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Sir Richard Branson Officially Christens Virgin Voyages’ New Scarlet Lady Cruise Ship

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Virgin Voyages welcomed the Scarlet Lady cruise ship at the Port of Dover in England on Friday. Virgin Group founder Sir Richard Branson was present to officially christen the first ocean liner in Virgin Voyages’ fleet.

Scarlet Lady will make her maiden voyage from April this year. From Dover, the ship will sail to Liverpool before making its way across the Atlantic to New York.

Scarlet Lady will then set out for Miami, where passengers will be welcomed aboard for the ship’s maiden voyage to the Caribbean.

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Scarlet Lady is Virgin Voyages’ latest initiative to set the brand apart by offering a sophisticated adults-only cruising experience with upscale amenities, state-of-the-art technology and a commitment to energy efficiency. The cruise line will also be launching three more cruise ships within the next four years.

“The Scarlet Lady is truly special and we’ve worked with some of the world’s most sought-after designers, artists and architects to craft an extraordinary experience,” said Branson. “The benefit of our five decades in business in so many industries is that we can offer a voyage like no other.”

Able to carry 2,770 passengers, the Scarlet Lady is unique with its “rock star-style” atmosphere. Features include late-night parties, a tattoo studio, comedians, drag artists and festival-inspired onboard entertainment. Celebrity DJs Diplo and Mark Ronson are due to perform on future sailings.

Other features include 20 eateries, 1,330 cabins, 10 staterooms and several gyms, pools and spas.

The ship will also be incorporating sustainable technology with Climeon. Virgin Voyages will be one of the first cruise lines to use heat-utilizing technology generated from the ship’s engines to produce electricity, which decreases the demand for fuel.

Upcoming sailings for the Scarlet Lady include excursions to Mexico, the Dominican Republic, Key West and the Bahamas.

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Coral Princess Docks in Miami with Two Dead, Others Ill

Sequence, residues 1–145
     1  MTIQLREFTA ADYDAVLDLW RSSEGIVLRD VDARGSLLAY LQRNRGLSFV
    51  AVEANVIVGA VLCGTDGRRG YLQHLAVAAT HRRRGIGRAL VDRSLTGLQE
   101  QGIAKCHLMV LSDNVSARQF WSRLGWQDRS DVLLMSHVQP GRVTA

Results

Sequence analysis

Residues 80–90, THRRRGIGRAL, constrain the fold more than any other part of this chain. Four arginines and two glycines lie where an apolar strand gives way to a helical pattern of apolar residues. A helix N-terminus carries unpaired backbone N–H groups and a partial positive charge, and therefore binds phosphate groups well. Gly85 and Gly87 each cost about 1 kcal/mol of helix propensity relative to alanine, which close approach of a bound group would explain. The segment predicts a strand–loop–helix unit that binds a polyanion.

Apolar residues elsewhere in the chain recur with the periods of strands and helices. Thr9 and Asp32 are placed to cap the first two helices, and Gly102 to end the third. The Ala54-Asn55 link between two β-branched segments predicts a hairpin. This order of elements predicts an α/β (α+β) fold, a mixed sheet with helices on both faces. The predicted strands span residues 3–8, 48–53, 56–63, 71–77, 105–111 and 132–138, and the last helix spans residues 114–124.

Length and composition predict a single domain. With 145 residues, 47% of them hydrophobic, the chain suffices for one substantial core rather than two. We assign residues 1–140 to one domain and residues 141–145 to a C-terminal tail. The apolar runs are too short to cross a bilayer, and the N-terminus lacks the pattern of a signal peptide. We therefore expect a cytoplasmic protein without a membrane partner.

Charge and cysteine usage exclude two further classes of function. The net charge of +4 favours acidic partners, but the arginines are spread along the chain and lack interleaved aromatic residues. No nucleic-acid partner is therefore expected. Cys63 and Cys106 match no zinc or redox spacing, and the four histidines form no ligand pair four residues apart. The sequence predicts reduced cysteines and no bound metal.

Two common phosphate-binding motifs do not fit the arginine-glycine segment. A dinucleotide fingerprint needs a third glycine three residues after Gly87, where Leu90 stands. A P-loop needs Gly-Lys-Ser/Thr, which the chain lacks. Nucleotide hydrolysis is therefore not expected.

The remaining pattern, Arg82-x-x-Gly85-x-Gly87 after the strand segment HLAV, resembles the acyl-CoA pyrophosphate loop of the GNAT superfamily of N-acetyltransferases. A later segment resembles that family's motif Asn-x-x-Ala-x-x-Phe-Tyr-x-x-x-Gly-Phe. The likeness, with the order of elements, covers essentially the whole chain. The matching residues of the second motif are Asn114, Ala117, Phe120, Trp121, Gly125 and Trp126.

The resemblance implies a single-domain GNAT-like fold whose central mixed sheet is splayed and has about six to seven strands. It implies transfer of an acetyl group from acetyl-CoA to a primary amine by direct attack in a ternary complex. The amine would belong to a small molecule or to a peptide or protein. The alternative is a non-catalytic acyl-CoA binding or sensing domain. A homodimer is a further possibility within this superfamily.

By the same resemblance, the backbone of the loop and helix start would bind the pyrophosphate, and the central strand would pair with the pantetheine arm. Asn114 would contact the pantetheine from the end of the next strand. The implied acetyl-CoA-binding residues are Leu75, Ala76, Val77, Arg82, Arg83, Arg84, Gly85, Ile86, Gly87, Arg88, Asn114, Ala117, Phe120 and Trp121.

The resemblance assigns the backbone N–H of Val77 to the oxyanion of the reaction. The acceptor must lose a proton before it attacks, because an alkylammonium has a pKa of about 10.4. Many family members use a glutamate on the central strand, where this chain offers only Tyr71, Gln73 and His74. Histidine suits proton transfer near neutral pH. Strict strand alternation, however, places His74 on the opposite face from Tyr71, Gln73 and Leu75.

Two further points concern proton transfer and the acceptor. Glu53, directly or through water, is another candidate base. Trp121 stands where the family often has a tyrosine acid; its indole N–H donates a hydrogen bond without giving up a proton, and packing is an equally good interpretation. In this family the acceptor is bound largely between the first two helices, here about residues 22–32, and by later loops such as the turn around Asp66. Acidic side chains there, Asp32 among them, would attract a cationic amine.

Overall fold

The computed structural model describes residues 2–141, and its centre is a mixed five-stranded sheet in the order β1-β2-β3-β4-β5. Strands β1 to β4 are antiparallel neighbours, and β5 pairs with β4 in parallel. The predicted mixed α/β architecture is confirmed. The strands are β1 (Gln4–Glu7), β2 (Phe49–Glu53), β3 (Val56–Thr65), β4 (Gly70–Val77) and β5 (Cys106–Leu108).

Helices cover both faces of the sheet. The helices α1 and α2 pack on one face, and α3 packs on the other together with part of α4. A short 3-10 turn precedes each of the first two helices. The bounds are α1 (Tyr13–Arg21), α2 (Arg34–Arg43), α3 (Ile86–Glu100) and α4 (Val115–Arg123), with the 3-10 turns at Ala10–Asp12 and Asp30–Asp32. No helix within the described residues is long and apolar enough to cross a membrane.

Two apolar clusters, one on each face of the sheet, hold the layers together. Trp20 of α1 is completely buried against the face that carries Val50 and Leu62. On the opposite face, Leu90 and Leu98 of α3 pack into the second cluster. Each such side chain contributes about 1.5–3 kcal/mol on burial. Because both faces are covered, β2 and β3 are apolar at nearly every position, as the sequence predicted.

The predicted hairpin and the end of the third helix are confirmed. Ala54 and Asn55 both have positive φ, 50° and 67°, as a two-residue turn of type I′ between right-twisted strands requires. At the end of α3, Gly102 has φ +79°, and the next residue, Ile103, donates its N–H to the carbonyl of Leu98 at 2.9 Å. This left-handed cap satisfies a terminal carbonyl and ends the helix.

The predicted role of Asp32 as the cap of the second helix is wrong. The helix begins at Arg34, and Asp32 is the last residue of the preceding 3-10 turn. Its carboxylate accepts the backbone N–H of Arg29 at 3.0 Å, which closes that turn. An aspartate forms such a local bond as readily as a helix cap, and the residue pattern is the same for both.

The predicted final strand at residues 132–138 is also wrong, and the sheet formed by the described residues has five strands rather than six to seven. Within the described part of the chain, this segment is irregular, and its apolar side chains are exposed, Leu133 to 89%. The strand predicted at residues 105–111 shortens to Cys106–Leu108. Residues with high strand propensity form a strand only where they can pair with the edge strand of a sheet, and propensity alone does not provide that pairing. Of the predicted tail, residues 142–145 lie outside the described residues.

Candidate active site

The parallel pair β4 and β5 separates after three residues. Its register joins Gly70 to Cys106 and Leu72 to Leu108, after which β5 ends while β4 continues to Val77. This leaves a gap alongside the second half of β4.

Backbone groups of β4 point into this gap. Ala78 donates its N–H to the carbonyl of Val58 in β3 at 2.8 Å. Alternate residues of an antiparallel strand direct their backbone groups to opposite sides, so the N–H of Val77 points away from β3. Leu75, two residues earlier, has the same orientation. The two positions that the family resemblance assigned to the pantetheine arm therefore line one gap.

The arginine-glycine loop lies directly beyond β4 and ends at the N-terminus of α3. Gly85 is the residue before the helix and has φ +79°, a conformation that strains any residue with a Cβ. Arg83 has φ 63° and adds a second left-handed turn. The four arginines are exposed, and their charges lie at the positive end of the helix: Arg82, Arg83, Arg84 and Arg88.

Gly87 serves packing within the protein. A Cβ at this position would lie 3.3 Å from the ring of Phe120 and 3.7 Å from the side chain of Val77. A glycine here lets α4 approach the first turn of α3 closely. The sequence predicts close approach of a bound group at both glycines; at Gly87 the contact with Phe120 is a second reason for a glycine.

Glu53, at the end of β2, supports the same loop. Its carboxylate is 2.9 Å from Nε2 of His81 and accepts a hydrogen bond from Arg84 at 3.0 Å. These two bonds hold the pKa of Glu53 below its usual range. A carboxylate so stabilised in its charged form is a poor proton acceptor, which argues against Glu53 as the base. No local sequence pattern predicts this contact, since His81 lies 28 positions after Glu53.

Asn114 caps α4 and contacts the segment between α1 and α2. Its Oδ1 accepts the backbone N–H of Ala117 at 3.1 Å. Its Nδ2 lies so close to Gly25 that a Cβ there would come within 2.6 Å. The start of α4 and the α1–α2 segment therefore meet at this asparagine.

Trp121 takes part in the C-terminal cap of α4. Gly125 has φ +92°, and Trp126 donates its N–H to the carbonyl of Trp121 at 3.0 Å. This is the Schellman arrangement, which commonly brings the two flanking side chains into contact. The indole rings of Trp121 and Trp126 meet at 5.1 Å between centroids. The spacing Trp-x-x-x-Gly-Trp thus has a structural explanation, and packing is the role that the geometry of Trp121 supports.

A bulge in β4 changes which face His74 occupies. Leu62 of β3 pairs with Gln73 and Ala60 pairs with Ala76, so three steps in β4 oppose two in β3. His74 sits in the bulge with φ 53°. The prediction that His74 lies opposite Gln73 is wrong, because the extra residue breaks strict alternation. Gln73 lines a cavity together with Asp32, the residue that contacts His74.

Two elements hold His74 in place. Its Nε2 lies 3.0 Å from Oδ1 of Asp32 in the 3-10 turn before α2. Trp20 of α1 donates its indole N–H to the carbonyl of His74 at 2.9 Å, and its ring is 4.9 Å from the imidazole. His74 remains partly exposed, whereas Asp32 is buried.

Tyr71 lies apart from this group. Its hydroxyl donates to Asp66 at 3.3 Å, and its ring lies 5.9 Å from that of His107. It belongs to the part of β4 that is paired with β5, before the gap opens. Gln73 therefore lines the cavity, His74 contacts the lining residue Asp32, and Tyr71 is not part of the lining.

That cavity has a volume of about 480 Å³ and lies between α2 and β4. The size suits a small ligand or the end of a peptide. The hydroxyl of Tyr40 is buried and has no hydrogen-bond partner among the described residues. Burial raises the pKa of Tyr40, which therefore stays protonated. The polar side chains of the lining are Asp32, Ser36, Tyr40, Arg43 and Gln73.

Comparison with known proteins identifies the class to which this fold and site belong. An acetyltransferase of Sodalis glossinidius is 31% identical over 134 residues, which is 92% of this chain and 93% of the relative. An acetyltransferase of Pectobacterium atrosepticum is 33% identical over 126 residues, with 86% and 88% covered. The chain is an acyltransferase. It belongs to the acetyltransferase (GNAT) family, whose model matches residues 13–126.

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Princess Cruises’ Coral Princess has finally docked in Miami after having been denied permission to disembark its passengers at ports in multiple countries, although no one aboard had actually tested positive for COVID-19 until this week. Onboard medical staff noticed a higher-than-usual number of ship’s occupants coming down with flu-like over a week ago and, starting March 30, guests were asked to stay in their rooms.

CNN reported that the ship arrives with two dead and several others sick with the novel coronavirus. While it’s unclear exactly how many of Coral Princess’ 1,000-plus passengers and 878 crew will be cleared to disembark in Miami, Miami Dade Mayor Carlos Gimenez told CNN that the most seriously ill will be transported off the ship first, bound for local hospitals. Two guests, in particular, who require immediate medical attention were to be taken to Miami’s Larkin Community Hospital, said the mayor.

Gimenez also explained that about fifteen coronavirus-positive passengers who don’t need immediate hospitalization will remain aboard to receive care in the ship’s medical ward until they are cleared the U.S. Centers of Disease Control and Prevention.

Reportedly, those passengers who are deemed fit to fly home will begin disembarking tomorrow, although the process, Princess Cruises said, “is expected to take several days, due to limited flight availability,” Mayor Gimenez disclosed that over 990 passengers and 840 crew members have thus far been deemed fit for travel.

The Coral Princess was about halfway through its itinerary when, on March 12, Princess Cruises announced that it would end underway voyages as soon as possible as worldwide concern grew regarding the spread of COVID-19. The cruise, which departed from Chile on March 5 and was scheduled to finish March 19 in Argentina, lasted more than two weeks longer than originally planned.

The vessel tried to disembark on March 19 in Buenos Aires as originally scheduled, as many passengers had air travel booked home from that point. When it did dock, the government would only allow Argentine passport holders and others who had confirmed same-day flights off the ship. The Argentine government warned that, if the Coral Princess did not cast off again that same night, it would be required to remain there indefinitely with no passengers disembarking.

The Coral Princess afterward appealed to authorities in Uruguay, where it was able to resupply, and in Brazil, but was denied disembarkation by both. Heading towards Florida, the ship picked up supplies once more in Barbados before finally finding safe harbor in Miami.

This post was published by our news partner: TravelPulse.com | Article Source

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